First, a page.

“Speaking of bets,” Jake said, “how much did you win today?”
Stacy pretended to glance over her shoulder at the palomino at their heels; in reality she wanted Jake to see the smile on her face. “Now, Sheriff McCrery, this morning you specifically forbade me from gambling.”
“That hasn’t stopped you before.”
“Tsk, tsk.” She shook her head so the hair she’d spent an hour curling this morning fluttered around her shoulders. She’d learned years ago to style its mousy brown color to catch attention, therefore keeping people from watching her face too closely during an intense point in a game. Lately, though, thoughts of the handsome sheriff filled her head while curling the tresses—actually, while she did most everything. “We both know I never gamble while you’re in town.”
“How much was it?”
At times Jake seemed immune to her charms, and that had her wondering if she’d missed a lesson or two of Pappy’s teachings along the way—not that Pappy had taught her about men, but he’d taught her about life and the two went hand in hand.
Shrugging, mainly to keep a sigh from slipping out, she answered. “A few hundred.”
Jake caught her arm, and though the heat of his touch had her toes curling, fury flashed in his mahogany-brown eyes.
“Gambling’s a dangerous game, Stacy. You’re going to get yourself shot.”
His concern was genuine, and that warmed her heart, but not even Jake McCrery would stop her from playing. “I’ve played in far worse places than Founder’s Creek.”
“Then go there to play.”
An unreadable poker face was one of her most prized accomplishments, but keeping it on right now was a struggle. Not only did Jake sound exasperated, he said the words like he meant them. Wrenching her arm from his hold, she started up the street. Anger snapped inside her, but more painful was the possibility he wanted her to leave. “I can’t,” she said.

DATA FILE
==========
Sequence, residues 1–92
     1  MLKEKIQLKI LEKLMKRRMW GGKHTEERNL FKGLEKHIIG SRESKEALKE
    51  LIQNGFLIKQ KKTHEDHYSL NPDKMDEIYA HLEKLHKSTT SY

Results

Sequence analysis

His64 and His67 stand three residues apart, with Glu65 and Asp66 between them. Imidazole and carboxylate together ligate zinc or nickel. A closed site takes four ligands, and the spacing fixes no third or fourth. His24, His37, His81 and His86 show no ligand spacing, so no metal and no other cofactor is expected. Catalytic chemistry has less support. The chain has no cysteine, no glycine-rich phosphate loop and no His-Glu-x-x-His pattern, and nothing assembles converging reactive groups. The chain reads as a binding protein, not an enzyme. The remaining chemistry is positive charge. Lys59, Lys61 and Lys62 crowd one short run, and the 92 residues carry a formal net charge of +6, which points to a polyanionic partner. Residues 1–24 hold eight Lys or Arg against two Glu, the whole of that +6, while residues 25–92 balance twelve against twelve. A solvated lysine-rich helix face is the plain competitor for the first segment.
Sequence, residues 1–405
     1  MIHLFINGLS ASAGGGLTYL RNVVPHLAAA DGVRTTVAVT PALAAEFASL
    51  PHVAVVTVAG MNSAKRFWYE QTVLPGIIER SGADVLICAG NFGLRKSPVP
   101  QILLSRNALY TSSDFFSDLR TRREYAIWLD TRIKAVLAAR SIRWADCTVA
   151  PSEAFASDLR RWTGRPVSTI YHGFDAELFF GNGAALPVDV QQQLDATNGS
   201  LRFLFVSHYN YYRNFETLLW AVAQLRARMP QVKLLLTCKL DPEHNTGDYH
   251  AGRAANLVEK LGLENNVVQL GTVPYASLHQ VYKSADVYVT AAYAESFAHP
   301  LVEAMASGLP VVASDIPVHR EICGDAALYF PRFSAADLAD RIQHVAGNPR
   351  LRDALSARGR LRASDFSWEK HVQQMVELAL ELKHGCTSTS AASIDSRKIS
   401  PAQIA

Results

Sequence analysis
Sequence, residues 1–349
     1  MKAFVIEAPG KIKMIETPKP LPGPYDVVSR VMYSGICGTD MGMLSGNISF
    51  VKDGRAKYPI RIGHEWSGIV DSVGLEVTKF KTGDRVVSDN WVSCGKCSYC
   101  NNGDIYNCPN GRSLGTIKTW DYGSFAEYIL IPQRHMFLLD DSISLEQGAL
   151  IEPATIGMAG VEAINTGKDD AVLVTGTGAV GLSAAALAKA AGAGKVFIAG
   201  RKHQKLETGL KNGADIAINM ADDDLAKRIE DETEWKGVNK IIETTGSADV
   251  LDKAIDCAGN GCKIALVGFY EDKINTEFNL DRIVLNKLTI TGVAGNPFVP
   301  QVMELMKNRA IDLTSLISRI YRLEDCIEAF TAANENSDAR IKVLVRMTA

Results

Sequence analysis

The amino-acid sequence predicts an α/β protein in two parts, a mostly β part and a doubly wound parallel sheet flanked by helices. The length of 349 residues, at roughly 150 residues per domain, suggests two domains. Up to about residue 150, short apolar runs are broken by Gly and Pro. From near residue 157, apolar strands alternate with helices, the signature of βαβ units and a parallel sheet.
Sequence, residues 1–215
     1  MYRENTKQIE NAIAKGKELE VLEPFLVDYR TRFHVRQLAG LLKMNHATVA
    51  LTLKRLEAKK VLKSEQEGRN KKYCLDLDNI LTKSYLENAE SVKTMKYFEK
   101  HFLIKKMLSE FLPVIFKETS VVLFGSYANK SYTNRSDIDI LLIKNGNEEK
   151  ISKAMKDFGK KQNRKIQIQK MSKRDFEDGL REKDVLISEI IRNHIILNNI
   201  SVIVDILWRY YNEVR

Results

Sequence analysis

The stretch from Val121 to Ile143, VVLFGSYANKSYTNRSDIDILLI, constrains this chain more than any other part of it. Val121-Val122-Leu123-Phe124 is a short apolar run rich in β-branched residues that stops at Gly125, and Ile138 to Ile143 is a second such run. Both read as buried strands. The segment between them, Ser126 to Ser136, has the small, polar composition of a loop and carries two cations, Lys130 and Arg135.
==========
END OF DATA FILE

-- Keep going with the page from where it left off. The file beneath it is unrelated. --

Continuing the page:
1. Fun blog, Lauri. I love reading about and watching movies about the Old West.

  2. Love the info on gamblers, Lauri. I agree, it took some tough and non-judgmental people to take on this land and time-period that we love! Congrats on the new release.

  3. Great post! Gambling was even a pass time for the Native Americans.

  4. Isn't it something how gambling has supported the "better ways of life" throughout the years and still does in a way. My heroine in my first story which is released in August is a poker-player saloon singer. I had to laugh at a judge in one contest. She said all women working in that profession were whores and lived above the saloon. Weird, because mine didn't and it gave me marks down.

    I'd be thinking those colorful gals probably brought a lot of spice to the era. ;)

  5. Thanks, Caroline. Old west movies are my favorites, too.

    Thanks, Tanya, writing The Sheriff's Last Gamble was so much fun. I got to put all my research to good use.

    Thanks, Paty. There's a picture on Wiki about gambling that includes Native American's.

    Paisley, that judge was judging the wrong contest, that's for sure!

  6. Lauri--I loved Maverick, too. And your newest novel sounds just wonderful. I like the idea of a female gambler, one who honed her craft and became one of the best. Great work...I loved the excerpt.

  7. Thanks, Celia. This was a fun book that practically wrote itself. I couldn't type fast enough for these characters.